22 Oct 2014

Duck numbers increasing – Dhahran Hills

Although migration is slow this autumn the number of ducks have increased over the last few weeks. Common Pochard is scarce on the ‘patch’ with one being present for the last week. On 19 October there were seven with three males and four females. Northern Shoveler numbers have increased to 27 with a mixture of males and females along with six Garganey. Other migrants seen were mainly wheatears with both Pied Wheatear and Isabelline Wheatear present with most Pied Wheatears being first year males. A few Barn Swallows were new in with ten plus over the spray fields and percolation pond in the evening. There was a small group of waders present on the settling pond including two Marsh Sandpipers, two Little Stints, Common Redshank, Wood Sandpiper and Temminck’s Stint. Otherwise the only other interesting birds were a single Grey Heron and 21 Western Cattle Egrets.
Northern Shoveller
Pied Wheatear
Isabelline Wheatear

21 Oct 2014

Adult male Montagu’s Harrier near Tabuk – Bird records by Viv Wilson

Viv Wilson sent me some nice photos of an adult male Montagu’s Harrier near Tabuk taken in early October 2014 that he has kindly allowed me to use. This is a scarce passage migrant to the Eastern Province of Saudi Arabia where they are seen in April, September and October with up to eight seen in a day at Haradh in September. The only birds I have seen on my local ‘patch’ were a second calendar year female and second calendar year male over the spray fields on 22 April 2103. In the Riyadh area they are scarce but regular passage migrant that passes in March and again in late August to mid-October that since 1988 have taken up residence around alfalfa fields south of Riyadh during December and January. In the north where this bird was photographed they have been seen at Harrat al Harrah Reserve where they are a passage migrant mainly in April and September but have also been seen in December. The species has been recorded rarely throughout the rest of Saudi Arabia all the way down to the Yemen boarder near Jizan.







20 Oct 2014

A few more birds – Dhahran Hills

There have been a few more birds around recently but things are still very quiet. An immature Greater Spotted Eagle has been seen around the spray fields ad percolation pond often perched in the large trees. Duck numbers have increased on the pond with 21 Northern Shovellers, 12 Ferruginous Ducks, three Garganey and the Common Pochard is still present. The pond also had an adult Grey Heron and a single Little Egret, a species that is not seen very often on the ‘patch’ as well as 20+ Western Cattle Egrets. A small fall of Pied Wheateras occurred on one day with seven birds, mainly first year males present in the scrubby desert area. The spray fields had a single Turkestan Shrike, one Red-backed Shrike perched on one of the spray heads and a single White Wagtail was still around the settling pond.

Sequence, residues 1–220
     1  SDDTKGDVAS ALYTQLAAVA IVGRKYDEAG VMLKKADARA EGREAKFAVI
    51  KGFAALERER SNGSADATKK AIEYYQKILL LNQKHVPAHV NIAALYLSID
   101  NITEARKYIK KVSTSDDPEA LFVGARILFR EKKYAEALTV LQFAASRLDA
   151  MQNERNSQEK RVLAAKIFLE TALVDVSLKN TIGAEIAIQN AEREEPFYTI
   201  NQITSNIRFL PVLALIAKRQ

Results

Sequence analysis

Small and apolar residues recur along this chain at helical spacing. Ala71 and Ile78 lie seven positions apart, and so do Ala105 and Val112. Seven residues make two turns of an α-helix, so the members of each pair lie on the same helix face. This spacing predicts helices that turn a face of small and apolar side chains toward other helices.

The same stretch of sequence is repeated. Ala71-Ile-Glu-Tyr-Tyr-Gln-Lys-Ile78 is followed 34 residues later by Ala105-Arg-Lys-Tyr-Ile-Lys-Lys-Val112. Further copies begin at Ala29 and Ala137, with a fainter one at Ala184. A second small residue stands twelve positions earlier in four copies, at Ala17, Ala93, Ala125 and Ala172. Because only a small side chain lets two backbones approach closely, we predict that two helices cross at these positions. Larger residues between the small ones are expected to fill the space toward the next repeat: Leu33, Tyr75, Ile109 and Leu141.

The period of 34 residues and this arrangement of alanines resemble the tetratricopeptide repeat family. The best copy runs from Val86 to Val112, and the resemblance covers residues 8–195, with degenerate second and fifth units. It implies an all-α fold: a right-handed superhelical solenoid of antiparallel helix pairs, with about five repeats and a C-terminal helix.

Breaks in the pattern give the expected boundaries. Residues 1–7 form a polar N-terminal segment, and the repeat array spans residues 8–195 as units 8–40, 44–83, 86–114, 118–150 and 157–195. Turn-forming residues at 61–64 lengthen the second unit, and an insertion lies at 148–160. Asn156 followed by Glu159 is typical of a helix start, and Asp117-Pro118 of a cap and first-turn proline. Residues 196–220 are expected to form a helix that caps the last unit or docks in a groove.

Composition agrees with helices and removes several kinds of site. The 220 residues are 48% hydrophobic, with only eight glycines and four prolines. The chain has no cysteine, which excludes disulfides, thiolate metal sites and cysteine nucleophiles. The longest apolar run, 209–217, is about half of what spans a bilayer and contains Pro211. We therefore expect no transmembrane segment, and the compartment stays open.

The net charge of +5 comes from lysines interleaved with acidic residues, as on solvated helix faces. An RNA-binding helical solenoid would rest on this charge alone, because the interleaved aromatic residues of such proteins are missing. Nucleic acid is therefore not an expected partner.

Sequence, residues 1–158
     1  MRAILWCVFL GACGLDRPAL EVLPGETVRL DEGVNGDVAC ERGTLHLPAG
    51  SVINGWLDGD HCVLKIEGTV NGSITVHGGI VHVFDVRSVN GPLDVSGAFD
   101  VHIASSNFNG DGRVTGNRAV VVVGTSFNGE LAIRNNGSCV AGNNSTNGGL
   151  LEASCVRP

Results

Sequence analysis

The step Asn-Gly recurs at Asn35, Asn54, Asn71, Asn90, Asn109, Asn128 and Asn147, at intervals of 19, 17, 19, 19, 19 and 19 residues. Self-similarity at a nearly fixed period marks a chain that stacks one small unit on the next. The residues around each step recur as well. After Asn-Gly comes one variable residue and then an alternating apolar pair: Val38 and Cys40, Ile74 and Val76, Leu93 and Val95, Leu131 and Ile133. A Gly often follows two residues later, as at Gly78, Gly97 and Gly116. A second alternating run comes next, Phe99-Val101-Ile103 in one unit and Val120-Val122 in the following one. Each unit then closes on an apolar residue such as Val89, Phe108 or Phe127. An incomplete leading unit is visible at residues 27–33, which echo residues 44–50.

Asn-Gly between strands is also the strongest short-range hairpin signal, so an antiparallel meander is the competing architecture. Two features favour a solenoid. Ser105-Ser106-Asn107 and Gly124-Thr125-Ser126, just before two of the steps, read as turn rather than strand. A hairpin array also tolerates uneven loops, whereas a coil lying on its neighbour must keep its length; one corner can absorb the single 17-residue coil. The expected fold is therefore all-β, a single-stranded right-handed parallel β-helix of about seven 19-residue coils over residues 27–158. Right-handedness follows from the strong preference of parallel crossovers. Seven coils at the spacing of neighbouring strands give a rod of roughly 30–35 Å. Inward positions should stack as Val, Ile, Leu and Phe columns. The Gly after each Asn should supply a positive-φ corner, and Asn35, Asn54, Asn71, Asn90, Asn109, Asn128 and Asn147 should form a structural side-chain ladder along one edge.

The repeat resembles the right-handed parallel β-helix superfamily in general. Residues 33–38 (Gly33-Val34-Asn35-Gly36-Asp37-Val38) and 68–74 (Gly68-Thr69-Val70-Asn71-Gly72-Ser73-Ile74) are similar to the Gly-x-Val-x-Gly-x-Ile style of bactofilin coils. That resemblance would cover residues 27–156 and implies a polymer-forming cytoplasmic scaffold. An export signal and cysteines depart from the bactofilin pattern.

Pied Wheatear - first year male
Red-backed Shrike
Common Pochard

19 Oct 2014

Common Redshank but not much else – Dhahran Hills

The evenings birding produced the same Common Redshank as seen a couple of days ago in the wet ditch. It has become a bit more tolerant of disturbance in the last few days so I was able to get quite close to take photos. Also on the ditch was a single Black-winged Stilt but not much else. The settling pond and spray fields only had a single White Wagtail, the first for the winter for me. Numbers of this species should build up considerably over the next two months as additional wintering birds arrive. A female Pied Wheatear was in the spray fields but nothing else of note. The percolation pond had a Marsh Sandpiper, 16 Ferruginous Ducks, one Common Pochard was still present, three Northern Shovellers and two Garganey otherwise it was very quiet.




18 Oct 2014

Camel Spider near Tabuk – Record by Viv Wilson

This young? Camel Spider was photographed by Viv Wilson in the desert near Tabuk and he has kindly allowed me to use the photos on my website. The Camel Spider is not a spider but belongs to the class Arachnida, but while all spiders are arachnids, not all arachnids are spiders. Another common name is wind scorpion, but it’s not a scorpion, either. The camel spider is of the Solifugae order, which is Latin for “those who flee from the sun”. and are primarily nocturnal. Solifugae live in dry desert climates; have powerful fangs, and a segmented abdomen. Though camel spiders appear to have ten legs, they actually have eight. The two extra leg-like appendages are sensory organs. Camel Spiders can reach up to 15 cm in length and weigh about 55 grams. They have powerful jaws, which they use to catch prey and which can be up to one third of their body length, but are non-venomous. They are most commonly found in Middle Eastern deserts and are carnivores that eat other insects, lizards, small birds and rodents. There are hundreds of species of Camel Spider in the world.